I’m Back…A Day in Philly was Time Well Spent

Well, after a week away with the family on a first-ever trip to Pennsylvania, I have a myriad of thoughts and ideas racing through my brain (nothing new there). I’ve learned a few things, added just a bit of both historic and geographic perspective to my creative palette and look forward more than ever to getting busy with the next phase of the pre-launch of my triple-bottom-line enterprise! Here are a few of those perspectives, just to keep things thought-provoking and reflective without being too overwhelming…

My husband, the 3 teens and I spent one day in search of the famous Philly Cheesesteak (trying to keep it mellow, here). Hubby Rob had the great idea to tour the city via their double decker bus which was a great idea. I can’t recommend it enough. The tour system is structured such that riders have unlimited use of the bus all day, with another bus always coming along every 20 minutes. There are over a dozen stops. You can get off at all or none of the stops as suits your fancy. Here’s just a taste of what I learned along the way (can’t speak for the rest of the family!):

City of Brotherly Love ~ Embracing Differences ~ According to the tour guide (wish I caught his name), Philly’s best gift to society is that it truly embraced religious freedom. Signs of different religions are evident in the art throughout the city. Significant today is the manner in which the citizens have taken that respect for religious freedoms and differences and seem to apply that across a range of social topics, embracing cultural and financial differences for example.

Innovative Approach ~ Seeing Opportunity Where Others See Problems ~ This mindset, shared by many an entrepreneur social and otherwise, is illustrated (literally) on the walls of many buildings which are ablaze with glorious paintings. Philly used a major grafitti problem as a jumping off point for a wonderfully creative solution. The result? Philly has the most murals in any city and almost no grafitti. For each new mural, the community is involved in the planning process ~ showing a respect for what a neighborhood’s citizens want to honor and getting a buy-in such that it won’t be tagged over (good business based on good ethics)… Oh, one more benefit, just who are some of the painters? You guessed it! Former “tag” artists (that’s teen-speak for grafitti artists) who were caught and had to clean up their unsanctioned work. Imagine the social benefit of taking the talented offender and giving him (or her) a legal outlet for his (or her) talent and a sense of true pride in contributing positively to their community. A truly brilliant reform program!

Inspirational Historical Figure and Entrepreneur ~ Ben Franklin ~ Sharing similar history to Boston, Philly also boasts Ben Franklin as a former resident. The thing I love about this American Hero is his Renaissance nature… Author, Humanitarian, Inventor, Humorist… The biography of this incredible, historical figure is one I’d love to add to the book collection at Time Well Spent. Inspirational biographies can be just the ticket when one is reflecting on his or her own life. I find it rather ironic that what we see as history was merely present day to Franklin and his peers. Our present times will some day be a page, a paragraph or a topic of entire history books. Where will the choices of today lead and how will they effect history? Oops, got a little deep there, try as I might to keep it light!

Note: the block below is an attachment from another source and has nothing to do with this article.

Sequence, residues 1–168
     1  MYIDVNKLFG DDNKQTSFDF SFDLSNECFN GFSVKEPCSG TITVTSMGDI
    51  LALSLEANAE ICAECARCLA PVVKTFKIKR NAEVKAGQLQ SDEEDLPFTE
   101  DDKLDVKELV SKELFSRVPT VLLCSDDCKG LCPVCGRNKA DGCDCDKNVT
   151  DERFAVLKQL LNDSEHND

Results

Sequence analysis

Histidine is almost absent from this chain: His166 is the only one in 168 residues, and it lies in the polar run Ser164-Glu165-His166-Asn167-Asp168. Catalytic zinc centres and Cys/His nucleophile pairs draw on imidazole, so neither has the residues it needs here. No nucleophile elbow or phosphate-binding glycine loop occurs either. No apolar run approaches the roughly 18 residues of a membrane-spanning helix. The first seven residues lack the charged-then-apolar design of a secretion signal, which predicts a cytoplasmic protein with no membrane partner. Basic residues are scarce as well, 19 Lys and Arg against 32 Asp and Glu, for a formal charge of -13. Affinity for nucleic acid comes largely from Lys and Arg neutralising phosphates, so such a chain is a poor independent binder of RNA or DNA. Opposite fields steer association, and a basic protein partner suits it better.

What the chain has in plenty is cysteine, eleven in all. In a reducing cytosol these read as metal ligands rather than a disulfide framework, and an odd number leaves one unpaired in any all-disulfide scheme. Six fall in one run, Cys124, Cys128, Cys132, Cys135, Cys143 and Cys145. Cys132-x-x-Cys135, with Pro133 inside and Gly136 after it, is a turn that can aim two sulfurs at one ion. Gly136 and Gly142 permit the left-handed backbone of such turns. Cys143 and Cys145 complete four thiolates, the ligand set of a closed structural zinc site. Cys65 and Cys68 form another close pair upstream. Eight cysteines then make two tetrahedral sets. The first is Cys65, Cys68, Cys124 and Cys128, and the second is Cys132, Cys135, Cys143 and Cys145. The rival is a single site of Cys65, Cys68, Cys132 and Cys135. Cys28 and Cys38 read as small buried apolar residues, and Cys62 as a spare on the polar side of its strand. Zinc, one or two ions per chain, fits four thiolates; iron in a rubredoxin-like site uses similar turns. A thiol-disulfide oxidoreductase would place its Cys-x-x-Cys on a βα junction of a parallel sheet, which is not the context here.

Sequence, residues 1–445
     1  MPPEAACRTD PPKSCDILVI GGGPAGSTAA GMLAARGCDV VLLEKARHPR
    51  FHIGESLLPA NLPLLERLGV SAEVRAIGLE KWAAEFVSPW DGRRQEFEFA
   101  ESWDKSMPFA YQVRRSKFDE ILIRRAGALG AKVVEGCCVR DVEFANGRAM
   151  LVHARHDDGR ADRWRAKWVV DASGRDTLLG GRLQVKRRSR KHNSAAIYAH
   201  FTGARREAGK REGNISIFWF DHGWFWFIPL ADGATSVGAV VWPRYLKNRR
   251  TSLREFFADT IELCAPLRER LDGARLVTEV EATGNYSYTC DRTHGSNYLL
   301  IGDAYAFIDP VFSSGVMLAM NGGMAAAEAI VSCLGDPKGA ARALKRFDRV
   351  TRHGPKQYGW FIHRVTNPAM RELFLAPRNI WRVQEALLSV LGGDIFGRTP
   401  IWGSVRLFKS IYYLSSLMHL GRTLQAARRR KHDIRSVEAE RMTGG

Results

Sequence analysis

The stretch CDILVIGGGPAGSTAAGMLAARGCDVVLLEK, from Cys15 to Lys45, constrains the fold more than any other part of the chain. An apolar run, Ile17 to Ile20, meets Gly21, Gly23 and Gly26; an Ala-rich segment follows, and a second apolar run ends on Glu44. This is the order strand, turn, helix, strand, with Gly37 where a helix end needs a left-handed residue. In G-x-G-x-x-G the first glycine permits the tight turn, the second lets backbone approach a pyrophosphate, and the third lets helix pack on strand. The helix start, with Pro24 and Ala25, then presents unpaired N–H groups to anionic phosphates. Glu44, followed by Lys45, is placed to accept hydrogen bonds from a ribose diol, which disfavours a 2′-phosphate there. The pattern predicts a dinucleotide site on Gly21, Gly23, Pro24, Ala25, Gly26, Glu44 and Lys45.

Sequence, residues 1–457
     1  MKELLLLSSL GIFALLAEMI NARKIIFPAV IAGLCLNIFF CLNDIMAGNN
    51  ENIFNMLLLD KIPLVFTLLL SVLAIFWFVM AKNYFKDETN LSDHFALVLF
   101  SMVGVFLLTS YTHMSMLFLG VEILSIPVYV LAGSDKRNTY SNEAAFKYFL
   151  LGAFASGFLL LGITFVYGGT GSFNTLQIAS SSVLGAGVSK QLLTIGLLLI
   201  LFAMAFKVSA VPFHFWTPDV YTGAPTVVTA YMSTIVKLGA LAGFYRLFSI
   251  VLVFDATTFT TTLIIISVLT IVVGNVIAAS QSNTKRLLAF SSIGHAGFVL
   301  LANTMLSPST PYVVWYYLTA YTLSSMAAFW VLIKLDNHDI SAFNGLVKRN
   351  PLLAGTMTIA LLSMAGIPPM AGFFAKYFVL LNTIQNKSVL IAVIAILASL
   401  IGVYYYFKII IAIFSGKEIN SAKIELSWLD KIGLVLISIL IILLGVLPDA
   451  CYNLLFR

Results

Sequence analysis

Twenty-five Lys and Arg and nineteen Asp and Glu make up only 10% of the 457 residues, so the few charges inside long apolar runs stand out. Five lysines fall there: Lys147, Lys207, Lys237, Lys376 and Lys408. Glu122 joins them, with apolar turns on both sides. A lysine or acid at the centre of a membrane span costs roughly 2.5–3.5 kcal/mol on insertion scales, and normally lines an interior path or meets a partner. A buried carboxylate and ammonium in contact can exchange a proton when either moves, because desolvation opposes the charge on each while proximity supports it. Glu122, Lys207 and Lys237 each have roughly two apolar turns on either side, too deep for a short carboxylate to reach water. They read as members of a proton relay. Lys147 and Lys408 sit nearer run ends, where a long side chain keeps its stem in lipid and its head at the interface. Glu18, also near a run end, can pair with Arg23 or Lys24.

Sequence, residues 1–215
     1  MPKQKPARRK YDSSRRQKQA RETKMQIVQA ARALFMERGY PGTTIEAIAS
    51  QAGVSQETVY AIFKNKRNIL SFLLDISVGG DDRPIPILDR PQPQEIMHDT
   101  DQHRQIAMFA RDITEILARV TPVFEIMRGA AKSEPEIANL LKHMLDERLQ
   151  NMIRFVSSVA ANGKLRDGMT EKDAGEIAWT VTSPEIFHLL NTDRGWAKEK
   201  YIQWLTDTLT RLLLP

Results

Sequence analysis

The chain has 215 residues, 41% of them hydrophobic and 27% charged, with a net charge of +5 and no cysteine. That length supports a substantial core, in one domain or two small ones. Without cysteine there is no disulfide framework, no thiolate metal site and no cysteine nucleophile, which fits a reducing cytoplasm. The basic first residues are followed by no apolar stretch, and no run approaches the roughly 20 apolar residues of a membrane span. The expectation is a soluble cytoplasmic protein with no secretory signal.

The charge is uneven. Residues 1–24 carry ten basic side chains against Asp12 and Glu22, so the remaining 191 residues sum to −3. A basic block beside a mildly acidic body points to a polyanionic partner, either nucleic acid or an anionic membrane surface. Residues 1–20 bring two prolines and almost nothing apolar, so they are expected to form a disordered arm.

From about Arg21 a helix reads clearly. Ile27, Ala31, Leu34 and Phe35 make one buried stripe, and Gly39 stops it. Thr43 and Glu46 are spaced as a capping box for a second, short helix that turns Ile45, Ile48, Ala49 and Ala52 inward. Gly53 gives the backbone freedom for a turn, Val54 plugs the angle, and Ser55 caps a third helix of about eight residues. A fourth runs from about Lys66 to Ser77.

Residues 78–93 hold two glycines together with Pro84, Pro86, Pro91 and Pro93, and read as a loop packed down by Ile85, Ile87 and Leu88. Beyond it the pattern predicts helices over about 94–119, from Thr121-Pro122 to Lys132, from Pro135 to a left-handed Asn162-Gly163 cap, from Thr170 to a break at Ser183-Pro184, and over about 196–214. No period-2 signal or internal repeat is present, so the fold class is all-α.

Rocky ~ Rocky ~ Rocky ~ On the lighter side, we even saw the Rocky Balboa statue (more appropriately positioned to the side of the Art Museum rather than atop the famous staircase the fictional character ascended). Even more interesting than the made-famous-by-movies steps, the Art Museum (closed Mondays 😦 ) is atop a hill that was originally used as a reservoir… I found that rather ingenious and innovative ~ to look at a hilltop and think, “Let’s just hollow that out and use it as a reservoir for our drinking water.”  What’s more, they made the reservoir and its elements quite beautiful and the location became an early tourist attraction. Back to the lighter side, it brought visions to mind of ladle-scooped mashed potatoes filled with Mom’s gravy!

How was the cheesesteak? Honestly, I think I still haven’t gotten over the “bad experience” I had after eating one in Boston’s North End on my 13th birthday when my folks brought me into one of the Festivals of Saints… The interesting thing about the cheesesteak wasn’t the sandwich itself but the way the particular restaurant was recommended. The young man who sold us the bus tickets mentioned that, while there were many places to get the classic luncheon hoagie, he suggested a place that had great people working there and a truly welcoming, sit-and-take-a-break atmosphere as opposed to the sell-as-many-as-they-can spots with a move the people along like cattle  mentality (reminiscent of Seinfeld’s Soup Nazi). Yet another example of what differentiates a good business from a good business who cares about more than just the bottom line, even if it is just to acknowledge that tourists are people, too!

Clearly, my attempts at keeping things light falls a bit short… Reminds me of my mother commenting on my being a DEEP thinker, REALLY, REALLY DEEP. Guilty as charged! To simplify, Philly may not be Boston (my undenied bias included), but it’s worth a visit! N.

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